Archive | June, 2014

Display of Demolished Ceilings in Revit

30 Jun

 

Display of Demolished Ceilings in Revit | Applying Technology to Architecture.

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Revit Families – Endless combinations with nested families and the Family Type parameter | A Word on BIM

27 Jun

Revit Families – Endless combinations with nested families and the Family Type parameter | A Word on BIM.

The Solution – Create a Family Type parameter and use it to drive your family Label

After you’ve created your parent family, load up all the nested families that represent the options you want to have available. It’s important that these families be as identical as possible. They won’t be completely identical, of course, but you should create them from each other, keeping the reference lines in the same place to ensure that when one family gets swapped out for the other, things don’t jump around on you and constraints don’t break.

The next step is to create a new Parameter that is configured as a “Family Type” parameter.

Family Type parameter

Here I’ve named it “Door Panel Type”. You then need to choose which Category of families you want to be available to that Parameter. We’ve created our panels as Generic Models, so I choose this category.

How to Quickly Enhance 3D Views in Revit

27 Jun

How to Quickly Enhance 3D Views in Revit « HMN.

One of the major benefits of Revit is that it is inherently a three-dimensional approach to drafting which means a user should be able to quickly and efficiently produce three-dimensional drawings for a wide range of purposes including:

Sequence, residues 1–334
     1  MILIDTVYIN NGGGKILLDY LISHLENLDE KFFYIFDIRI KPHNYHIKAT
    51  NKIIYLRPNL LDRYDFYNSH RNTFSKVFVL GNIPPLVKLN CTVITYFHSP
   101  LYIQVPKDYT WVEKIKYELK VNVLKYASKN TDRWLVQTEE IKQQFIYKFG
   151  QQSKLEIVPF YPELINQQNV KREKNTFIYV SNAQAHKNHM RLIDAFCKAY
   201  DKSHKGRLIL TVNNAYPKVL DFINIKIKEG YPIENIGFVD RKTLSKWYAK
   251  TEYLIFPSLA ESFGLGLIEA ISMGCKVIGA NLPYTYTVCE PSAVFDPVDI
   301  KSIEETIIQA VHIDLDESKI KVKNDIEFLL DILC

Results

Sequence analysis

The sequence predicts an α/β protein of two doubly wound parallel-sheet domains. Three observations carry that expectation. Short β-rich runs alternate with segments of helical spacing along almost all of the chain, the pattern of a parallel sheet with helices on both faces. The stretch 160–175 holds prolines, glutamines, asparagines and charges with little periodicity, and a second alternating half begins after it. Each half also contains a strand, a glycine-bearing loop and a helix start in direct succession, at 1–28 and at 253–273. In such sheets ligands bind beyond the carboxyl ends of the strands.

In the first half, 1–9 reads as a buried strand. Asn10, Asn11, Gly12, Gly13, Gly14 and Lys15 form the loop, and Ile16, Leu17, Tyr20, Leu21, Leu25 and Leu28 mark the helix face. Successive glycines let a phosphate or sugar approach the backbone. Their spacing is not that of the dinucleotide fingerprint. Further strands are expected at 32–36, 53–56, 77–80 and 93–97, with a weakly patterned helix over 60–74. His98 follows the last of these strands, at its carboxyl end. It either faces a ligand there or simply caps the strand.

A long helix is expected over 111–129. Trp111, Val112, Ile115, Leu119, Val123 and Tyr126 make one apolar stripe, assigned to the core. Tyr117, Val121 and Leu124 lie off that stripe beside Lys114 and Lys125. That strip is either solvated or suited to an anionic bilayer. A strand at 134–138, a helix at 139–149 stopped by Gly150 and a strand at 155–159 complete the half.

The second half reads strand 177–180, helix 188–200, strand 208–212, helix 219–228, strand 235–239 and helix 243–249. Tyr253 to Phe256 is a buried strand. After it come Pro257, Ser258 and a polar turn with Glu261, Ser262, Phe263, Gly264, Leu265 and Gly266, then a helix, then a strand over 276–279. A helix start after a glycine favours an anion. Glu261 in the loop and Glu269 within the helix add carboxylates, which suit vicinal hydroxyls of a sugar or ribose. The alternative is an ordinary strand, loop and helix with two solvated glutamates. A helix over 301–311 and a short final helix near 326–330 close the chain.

– Helping a client visual a space or building – Coordinating design with consultants – Identifying potential construction or detailing issues early on

Part of this process involves accurate modeling of information; the other part involves actively “thinking” in 3D.  Three-dimensional views should be referred to often while working in Revit.  It allows you to visualize the model outside of a flat 2D view such as a plan or elevation.  The issue is that Revit often seems to make 3D inherently cumbersome or visually unattractive.

Revit now included the napkin-sketch appeal feature but lacks of the glossy polish of a 3DS Max rendering.  Revit itself has been upgraded massively over the years in terms of its built-in rendering engine, so it is now possible to create presentation quality renderings.

Sometimes you just want the ability to quickly show an image to a client that will convey a design in an aesthetically pleasing manner but takes little time to produce.  The following are some easy steps to create graphically enhanced three-dimensional views within Revit.

CREATE YOUR VIEW/CAMERA When you create a new 3D or camera view in your Revit model, chances are that it will look something like this:

Set your project location and time. and solar study to “still”.

Size it up: